2. Existence of Conspiracy
Liability under § 1985 must be predicated on a finding that two or more people agreed to violate the plaintiff's civil rights. See 42 U.S.C. § 1985(3). Upon examination of the record, we must conclude that Mr. Williams has not produced sufficient evidence of a conspiracy to violate any of his federally protected rights.8
We begin our appraisal of Mr. Williams' conspiracy claim by noting that our case law makes clear that:
To establish § 1983 liability through a conspiracy theory, a plaintiff must demonstrate that: (1) a state official and private individual(s) reached an understanding to deprive the plaintiff of his constitutional rights, Starnes [v. Capital Cities Media, Inc., 39 F.3d 1394, 1397 (7th Cir.1994) ]; and (2) those individual(s) were “willful participant[s] in joint activity with the State or its agents.” Adickes [v. S.H. Kress & Co., 398 U.S. 144, 152, 90 S.Ct. 1598, 26 L.Ed.2d 142 (1970) (internal quotation marks and citation omitted) ].
Fries v. Helsper, 146 F.3d 452, 457 (7th Cir.1998). Although a conspiracy certainly may be established by circumstantial evidence, we have stressed that such evidence cannot be speculative. For instance, in Goetzke v. Ferro Corp., 280 F.3d 766 (7th Cir.2002), we concluded that the existence of numerous phone calls between alleged conspirators, “standing alone, merely proves that [the individuals] remained in contact․ To assert that the calls are evidence of a conspiracy is simply speculation.” Id. at 778. Although a nonmoving party's own deposition may constitute affirmative evidence to defeat summary judgment, conclusory statements in the deposition do not create an issue of fact. See Mills v. First Fed. Sav. & Loan Ass'n of Belvidere, 83 F.3d 833, 843 (7th Cir.1996). In Johnson v. University of Wisconsin-Eau Claire, 70 F.3d 469, 482 (7th Cir.1995), we noted that the plaintiff had “not offered evidence to rebut the [defendant's] claim that [the defendant's] decision was based on [ ] legitimate factors, since [ ] unsupported conjecture is not competent evidence in this regard.”
We must conclude that Mr. Williams has not introduced evidence to support his assertions of a conspiracy. He relies upon expressions of displeasure by various public officials with his public statement and his unsupported conjecture that this statement created a conspiracy to fire him for exercising his right to free speech. Mr. Williams' “smoking gun” is Sheriff Seniff's statement in the termination hearing:
I think you have strained relations with the prosecutors [sic] office, with the South Bend Police Department and with a lot of the public. You've damaged relationships. I told you before I got calls from the mayor's [sic] office, I got calls from the Chief of Police, I got calls from the FOP, I got calls from the Prosecutors [sic] Office. Yes, I think you are straining relations.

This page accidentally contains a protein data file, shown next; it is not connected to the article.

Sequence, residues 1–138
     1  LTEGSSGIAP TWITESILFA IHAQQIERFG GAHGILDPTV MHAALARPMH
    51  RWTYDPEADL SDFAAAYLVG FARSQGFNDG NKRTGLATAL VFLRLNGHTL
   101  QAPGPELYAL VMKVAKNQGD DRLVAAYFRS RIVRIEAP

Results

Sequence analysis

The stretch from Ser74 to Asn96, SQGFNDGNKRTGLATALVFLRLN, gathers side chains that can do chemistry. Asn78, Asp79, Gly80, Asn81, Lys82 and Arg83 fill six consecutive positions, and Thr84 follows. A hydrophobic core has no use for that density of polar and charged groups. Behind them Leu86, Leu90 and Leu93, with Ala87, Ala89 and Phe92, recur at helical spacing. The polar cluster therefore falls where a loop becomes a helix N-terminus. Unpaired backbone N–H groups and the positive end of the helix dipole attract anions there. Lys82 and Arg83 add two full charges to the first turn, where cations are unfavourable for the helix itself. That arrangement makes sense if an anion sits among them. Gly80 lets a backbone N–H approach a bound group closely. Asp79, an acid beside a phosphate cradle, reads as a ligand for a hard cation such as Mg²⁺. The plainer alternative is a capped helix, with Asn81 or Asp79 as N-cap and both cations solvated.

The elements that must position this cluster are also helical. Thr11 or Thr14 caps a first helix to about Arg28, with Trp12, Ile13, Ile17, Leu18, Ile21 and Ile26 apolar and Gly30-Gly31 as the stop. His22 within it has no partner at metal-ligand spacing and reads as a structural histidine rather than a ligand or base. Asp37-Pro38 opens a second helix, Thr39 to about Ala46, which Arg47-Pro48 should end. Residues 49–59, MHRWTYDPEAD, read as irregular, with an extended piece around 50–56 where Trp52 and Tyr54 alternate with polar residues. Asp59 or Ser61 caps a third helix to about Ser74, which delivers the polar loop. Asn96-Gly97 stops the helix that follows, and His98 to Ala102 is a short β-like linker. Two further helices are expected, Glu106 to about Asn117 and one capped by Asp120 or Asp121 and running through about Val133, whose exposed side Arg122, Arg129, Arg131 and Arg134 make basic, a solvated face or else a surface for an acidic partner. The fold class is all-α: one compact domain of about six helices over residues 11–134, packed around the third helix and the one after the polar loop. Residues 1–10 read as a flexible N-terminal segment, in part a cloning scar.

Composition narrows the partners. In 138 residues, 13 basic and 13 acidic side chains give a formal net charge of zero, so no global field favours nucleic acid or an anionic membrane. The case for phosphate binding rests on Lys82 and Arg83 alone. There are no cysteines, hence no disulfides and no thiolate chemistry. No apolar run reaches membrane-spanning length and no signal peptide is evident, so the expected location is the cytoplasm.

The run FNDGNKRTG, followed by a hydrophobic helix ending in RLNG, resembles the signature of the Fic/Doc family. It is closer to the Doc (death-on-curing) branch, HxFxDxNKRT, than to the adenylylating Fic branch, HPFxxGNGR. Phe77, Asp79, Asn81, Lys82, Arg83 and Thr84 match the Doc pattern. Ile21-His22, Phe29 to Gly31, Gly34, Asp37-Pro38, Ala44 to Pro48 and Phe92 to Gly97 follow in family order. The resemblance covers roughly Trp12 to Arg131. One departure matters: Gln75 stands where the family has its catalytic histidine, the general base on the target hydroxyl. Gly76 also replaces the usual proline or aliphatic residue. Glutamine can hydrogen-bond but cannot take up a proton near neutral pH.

R.39, Ex. 1 at 3. This statement indicates that various individuals expressed displeasure with Mr. Williams' statement; it does not provide evidence of an agreement on the part of those who expressed the displeasure to deprive Mr. Williams of his rights.
As additional evidence of Mr. Toth's participation in the alleged conspiracy, Mr. Williams introduced the deposition testimony of Alan Lieb, an acquaintance and political supporter of Mr. Toth. Lieb stated that he had called Mr. Toth and said, “Chris, [ ] I can't believe you're involved with this case․ I'd like to see what I can do, if there's anything I can do to get you out of this.” R.75, Ex. Alan Lieb Dep. at 59. To which Mr. Toth responded, “There's nothing you can do. I'm right in the middle of it.” Id. Lieb testified that Mr. Toth told him a number of people had called him to complain about Mr. Williams' comment in the media. See id. at 60. Lieb also stated that Mr. Toth indicated that he was “involved in the termination of employment.” Id. at 66-68. However, Lieb had trouble remembering Mr. Toth's exact words. When initially asked whether the “involvement” could have been simply a complaint to Sheriff Seniff, Lieb responded, “No, not when there's a termination involved, no. No. Absolutely not.” Id. at 66. However, Lieb ultimately admitted that the level of involvement “very possibl[y]” could have referred only to Mr. Toth's call to Sheriff Seniff to complain about Mr. Williams' comment. Id. at 67-68. Additionally, Lieb admitted that Mr. Toth did not elaborate on the level of his “involvement.” Id. at 68. This vacillating testimony only confirms that Mr. Toth was involved in the events surrounding Mr. Williams' termination, and Mr. Toth readily admitted that he had complained to Sheriff Seniff about Mr. Williams' statement. We cannot say, however, that this testimony constitutes evidence from which a conspiracy may be inferred. Accordingly, the district court's grant of summary judgment in favor of Mr. Lauck and Mr. Toth on all § 1985 claims and on all § 1983 claims based on participation in a conspiracy was appropriate.9